Title: Guest
Author: gleefulmusings
Beta: mysterious_daze
Fandom: Buffy the Vampire Slayer, Season Five.
Character: Joyce Summers
Rating: FR-7 (K)
Warning(s): Character death. Spoilers for The Body.
Word Count: ~ 1600
Distribution: Please ask first. Please do not screencap this story, save it to hard drives, exchange with others, or translate into other languages without written consent.
Feedback: Con-crit is always welcome; flames are ridiculed and put on display.
Disclaimer: All publicly recognizable characters, settings, lyrics, etc. are the property of their respective owners. Snippets of dialogue may be incorporated from the original canonical episode(s) and belong to their respective authors/creators. The original characters and plot are the property of the author(s). The author(s) is in no way associated with the owners, creators, or producers of any media franchise. No copyright infringement is intended, nor should any be inferred. No profit is being made.

Summary: In the end, Joyce wasn't alone.

Joyce hummed tunelessly as she flitted about the kitchen, attacking a particularly bothersome strawberry jam stain which had dried on the countertop.

She didn't understand why Dawn couldn't clean up after herself. She knew that her daughter was experiencing an existential crisis courtesy of a hell goddess and a group of bizarre religious zealots, but that was no excuse for slovenliness.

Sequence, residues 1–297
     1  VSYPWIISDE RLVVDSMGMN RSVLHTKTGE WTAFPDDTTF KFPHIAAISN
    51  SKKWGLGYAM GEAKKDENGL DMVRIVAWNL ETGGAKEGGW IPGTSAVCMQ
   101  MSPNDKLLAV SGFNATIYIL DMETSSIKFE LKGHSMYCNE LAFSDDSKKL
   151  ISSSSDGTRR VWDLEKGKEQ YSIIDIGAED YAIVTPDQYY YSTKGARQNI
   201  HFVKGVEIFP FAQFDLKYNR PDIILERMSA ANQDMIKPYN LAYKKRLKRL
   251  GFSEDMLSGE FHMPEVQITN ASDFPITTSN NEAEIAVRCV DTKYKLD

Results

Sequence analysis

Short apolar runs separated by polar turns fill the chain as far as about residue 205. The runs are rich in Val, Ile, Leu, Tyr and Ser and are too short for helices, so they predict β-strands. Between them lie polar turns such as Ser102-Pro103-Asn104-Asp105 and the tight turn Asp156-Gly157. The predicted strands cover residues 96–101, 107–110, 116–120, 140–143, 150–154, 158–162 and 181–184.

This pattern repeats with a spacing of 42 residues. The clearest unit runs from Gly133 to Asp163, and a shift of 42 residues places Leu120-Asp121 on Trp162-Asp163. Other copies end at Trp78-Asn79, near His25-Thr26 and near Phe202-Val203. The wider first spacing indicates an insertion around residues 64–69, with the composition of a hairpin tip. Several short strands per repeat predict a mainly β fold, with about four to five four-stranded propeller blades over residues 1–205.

She quietly chuckled to herself. Why was she surprised? Biology was indisputable, and Dawn was every bit as messy as her sister. She would always consider Dawn her child, but as far as she was concerned, Buffy was welcome to the credit for the younger's bad habits.

She paused in her routine, the multipurpose spray cleaner in one hand and a sponge in the other, to listen to the song of the birds nesting in the myrtle tree just outside the kitchen door.

She doubted she would have noticed such a pure, innocuous delight prior to the surgery; for the past four years she had been more consumed with Buffy's survival than her own.

It was so cliché, how she had taken simple things for granted; how it had taken a brush with death for her to appreciate them, to rediscover their inherent joy; to find that part of herself which she had buried after Buffy had been born, that woman who had thoughts and feelings and hopes and dreams which revolved around something other than her child.

Hank had called earlier in the morning. It had been uncomfortable for both of them, but Joyce had appreciated it nonetheless. He was doing well; he was enjoying his new promotion, as was his girlfriend, who had benefited with a new pair of breasts. He told her that she would see an increase in her child support check for Dawn and that Buffy's tuition would be covered for the next semester. Other than relaying that information, he inquired no further about his children.

More bored than disgusted, she had hurried him off the phone and felt not a whit of guilt for doing so. It was no longer a luxury she could afford.

She knew there were many things she should do: update her will and life insurance policy, write letters to family members she often neglected, clean out the closets and put together a donation for Purple Heart. None of these held much interest, however; she preferred to tackle the strawberry jam. A small and definable task was so much more appealing than considering her mortality.